July 8, 2020

A Florida-based nonprofit that provides hospice care, palliative care, and other services to the elderly, has agreed to pay $3.2 million to resolve its liability under the False Claims Act.  According to former Director of Hospice Care, Margaret Peters, Hope Hospice knowingly submitted false claims to Medicare, Medicaid, and TRICARE for medically unnecessary but highly reimbursed general inpatient (GIP) hospice services over a five year period.  For blowing the whistle on the alleged fraud, Peters will receive a 19% share of the settlement.  USAO MDFL

July 7, 2020

Florida Cancer Specialists & Research Institute, LLC (FCS) has agreed to return more than $2.3 million in overcharges to the VA after a successful qui tam action by a former Claims Resolution Specialist with FCS, Marianne Parker.  Parker’s complaint instigated a government investigation that found that an error in the VA’s billing system had led the agency to pay the full amount billed by FCS for certain physician-administered drugs provided to veterans, rather than at the Medicare rate mandated by the Code of Federal Regulations.  For alerting the government to the discrepancies, Parker will receive a 20% share of the funds.  USAO MDFL

July 1, 2020

Novartis Pharmaceuticals Corporation will pay a total of $678 million to resolve a case brought by a whistleblower, Oswald Bilotta, alleging that between 2002 and 2011 the pharmaceutical company violated the Anti-Kickback Statute and False Claims Act by providing doctors with cash payments and luxury travel and meals to induce them to prescribe Novartis cardiovascular and diabetes drugs reimbursed by federal healthcare programs.  The total settlement consists of $591.4 million as federal FCA damages, $48.2 million as state FCA damages for Medicaid false claims, and $38.4 million as forfeiture under the Anti-Kickback Statute.  The whistleblower award has not yet been determined.  In addition to the monetary settlement, Novartis entered into a Corporate Integrity Agreement obligating the company to, among other things, significantly reduce its volume and spending on paid speaker programs.  DOJ; USAO SDNY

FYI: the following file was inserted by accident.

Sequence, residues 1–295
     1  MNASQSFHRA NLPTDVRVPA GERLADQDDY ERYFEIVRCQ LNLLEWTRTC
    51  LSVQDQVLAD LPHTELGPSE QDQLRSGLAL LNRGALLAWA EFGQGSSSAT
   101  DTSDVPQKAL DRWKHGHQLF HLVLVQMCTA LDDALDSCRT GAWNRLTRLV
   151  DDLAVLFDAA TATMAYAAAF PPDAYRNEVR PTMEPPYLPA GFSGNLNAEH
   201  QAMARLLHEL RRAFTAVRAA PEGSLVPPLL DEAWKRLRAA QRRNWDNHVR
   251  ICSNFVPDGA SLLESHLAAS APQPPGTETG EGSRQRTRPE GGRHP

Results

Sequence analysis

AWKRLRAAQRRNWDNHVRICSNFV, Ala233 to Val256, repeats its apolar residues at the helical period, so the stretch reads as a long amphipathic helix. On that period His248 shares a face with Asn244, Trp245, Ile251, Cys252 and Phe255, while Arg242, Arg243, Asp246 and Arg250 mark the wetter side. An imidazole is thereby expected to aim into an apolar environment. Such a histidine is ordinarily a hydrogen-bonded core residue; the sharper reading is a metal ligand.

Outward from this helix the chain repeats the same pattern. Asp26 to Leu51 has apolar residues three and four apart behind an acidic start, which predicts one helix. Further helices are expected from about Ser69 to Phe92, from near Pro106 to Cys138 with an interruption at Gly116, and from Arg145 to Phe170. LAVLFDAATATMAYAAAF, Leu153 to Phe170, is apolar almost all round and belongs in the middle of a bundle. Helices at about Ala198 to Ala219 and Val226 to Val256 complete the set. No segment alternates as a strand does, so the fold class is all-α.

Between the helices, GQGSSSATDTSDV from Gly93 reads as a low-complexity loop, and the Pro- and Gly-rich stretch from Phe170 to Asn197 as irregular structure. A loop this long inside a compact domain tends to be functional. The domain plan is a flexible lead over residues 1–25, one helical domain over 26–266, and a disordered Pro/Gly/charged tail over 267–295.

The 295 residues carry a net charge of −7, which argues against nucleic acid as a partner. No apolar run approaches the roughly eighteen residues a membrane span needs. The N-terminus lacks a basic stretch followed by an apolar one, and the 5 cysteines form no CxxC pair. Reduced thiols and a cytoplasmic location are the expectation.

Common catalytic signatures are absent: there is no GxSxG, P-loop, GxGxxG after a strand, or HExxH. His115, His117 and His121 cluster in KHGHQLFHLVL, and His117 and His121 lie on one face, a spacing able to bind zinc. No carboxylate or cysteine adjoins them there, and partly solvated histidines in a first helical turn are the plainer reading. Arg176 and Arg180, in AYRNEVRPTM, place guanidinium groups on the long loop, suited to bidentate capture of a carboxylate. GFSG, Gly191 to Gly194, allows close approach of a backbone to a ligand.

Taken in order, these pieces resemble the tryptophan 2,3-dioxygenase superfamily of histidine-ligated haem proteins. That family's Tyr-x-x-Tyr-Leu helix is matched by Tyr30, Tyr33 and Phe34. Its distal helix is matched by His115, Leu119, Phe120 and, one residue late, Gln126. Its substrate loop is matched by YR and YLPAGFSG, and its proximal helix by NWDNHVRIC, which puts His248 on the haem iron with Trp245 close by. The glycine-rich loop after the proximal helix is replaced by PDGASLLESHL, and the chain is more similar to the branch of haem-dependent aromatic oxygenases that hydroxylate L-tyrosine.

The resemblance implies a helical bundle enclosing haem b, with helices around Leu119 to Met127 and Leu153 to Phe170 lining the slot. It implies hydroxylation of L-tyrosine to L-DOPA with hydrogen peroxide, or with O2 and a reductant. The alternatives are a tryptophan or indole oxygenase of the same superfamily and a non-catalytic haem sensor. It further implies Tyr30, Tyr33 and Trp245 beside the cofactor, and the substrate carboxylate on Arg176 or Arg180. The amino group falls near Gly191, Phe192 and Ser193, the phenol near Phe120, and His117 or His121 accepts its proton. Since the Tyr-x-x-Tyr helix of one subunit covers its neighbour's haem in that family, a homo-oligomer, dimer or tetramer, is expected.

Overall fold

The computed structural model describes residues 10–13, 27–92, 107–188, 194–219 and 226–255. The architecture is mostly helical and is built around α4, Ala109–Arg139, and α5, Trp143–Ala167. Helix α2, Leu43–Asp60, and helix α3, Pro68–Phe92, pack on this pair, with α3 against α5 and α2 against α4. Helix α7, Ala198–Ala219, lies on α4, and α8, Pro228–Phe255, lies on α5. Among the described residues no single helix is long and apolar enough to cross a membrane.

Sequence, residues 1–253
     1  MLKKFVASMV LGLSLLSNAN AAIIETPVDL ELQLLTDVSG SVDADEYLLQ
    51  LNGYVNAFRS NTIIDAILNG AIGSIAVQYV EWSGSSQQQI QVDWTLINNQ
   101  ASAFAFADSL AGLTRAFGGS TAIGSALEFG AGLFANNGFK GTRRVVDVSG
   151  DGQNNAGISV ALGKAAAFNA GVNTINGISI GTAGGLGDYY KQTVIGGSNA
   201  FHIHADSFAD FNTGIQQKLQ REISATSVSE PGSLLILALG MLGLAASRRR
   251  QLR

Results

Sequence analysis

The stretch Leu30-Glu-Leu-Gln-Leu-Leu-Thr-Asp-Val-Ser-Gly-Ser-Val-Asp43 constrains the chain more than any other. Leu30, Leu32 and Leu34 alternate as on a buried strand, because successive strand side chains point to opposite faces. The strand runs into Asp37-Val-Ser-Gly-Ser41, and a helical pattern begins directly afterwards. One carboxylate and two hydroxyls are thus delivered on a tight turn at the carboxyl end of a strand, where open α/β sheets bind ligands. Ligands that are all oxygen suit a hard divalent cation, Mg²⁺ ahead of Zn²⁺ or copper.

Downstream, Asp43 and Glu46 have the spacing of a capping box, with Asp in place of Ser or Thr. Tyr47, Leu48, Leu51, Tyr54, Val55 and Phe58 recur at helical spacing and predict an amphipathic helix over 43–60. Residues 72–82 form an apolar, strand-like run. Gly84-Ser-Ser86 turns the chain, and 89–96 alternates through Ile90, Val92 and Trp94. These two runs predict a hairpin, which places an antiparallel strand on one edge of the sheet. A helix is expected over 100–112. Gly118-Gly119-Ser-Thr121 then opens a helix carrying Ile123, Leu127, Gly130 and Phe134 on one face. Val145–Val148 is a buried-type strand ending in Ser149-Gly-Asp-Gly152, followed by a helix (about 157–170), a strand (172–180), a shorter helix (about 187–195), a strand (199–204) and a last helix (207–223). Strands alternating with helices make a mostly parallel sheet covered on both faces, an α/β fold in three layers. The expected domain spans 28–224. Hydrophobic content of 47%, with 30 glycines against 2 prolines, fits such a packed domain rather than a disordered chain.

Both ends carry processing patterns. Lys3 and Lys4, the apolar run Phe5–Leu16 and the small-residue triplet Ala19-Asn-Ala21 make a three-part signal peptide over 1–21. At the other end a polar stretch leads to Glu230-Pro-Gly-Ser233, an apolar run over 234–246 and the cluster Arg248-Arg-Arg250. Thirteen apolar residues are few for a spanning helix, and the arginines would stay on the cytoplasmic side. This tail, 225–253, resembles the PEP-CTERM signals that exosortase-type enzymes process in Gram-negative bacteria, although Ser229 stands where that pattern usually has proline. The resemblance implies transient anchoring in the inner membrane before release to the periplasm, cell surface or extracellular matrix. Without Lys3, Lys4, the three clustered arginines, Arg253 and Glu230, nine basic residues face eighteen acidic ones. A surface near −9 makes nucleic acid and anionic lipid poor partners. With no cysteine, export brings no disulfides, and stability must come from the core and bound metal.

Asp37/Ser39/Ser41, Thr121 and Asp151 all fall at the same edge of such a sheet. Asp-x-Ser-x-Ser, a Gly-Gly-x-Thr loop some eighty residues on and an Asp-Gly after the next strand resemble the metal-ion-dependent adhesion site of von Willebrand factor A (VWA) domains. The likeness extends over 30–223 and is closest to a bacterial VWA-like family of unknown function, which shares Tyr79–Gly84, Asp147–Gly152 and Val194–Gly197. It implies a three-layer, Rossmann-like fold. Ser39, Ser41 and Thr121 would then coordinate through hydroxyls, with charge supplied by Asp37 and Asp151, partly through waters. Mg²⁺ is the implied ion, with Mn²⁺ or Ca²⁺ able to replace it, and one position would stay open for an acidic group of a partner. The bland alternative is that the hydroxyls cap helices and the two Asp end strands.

June 25, 2020

Georgia-based Piedmont Healthcare, Inc. has agreed to pay $16 million to resolve whistleblower-brought allegations that it violated the Anti-Kickback Statute and False Claims Act.  The relator in this case, a former Piedmont physician, alleged that between 2009 and 2013, Piedmont’s case managers overturned physician recommendations for outpatient care by submitting claims for more expensive inpatient care to Medicare and Medicaid.  Furthermore, when the healthcare system acquired the Atlanta Cardiology Group in 2007, it allegedly paid far above fair market value for a catherization lab that was partly owned by the practice group.  For bringing a successful enforcement action, the unnamed relator will receive a share of nearly $3 million of the settlement proceeds. USAO SDGA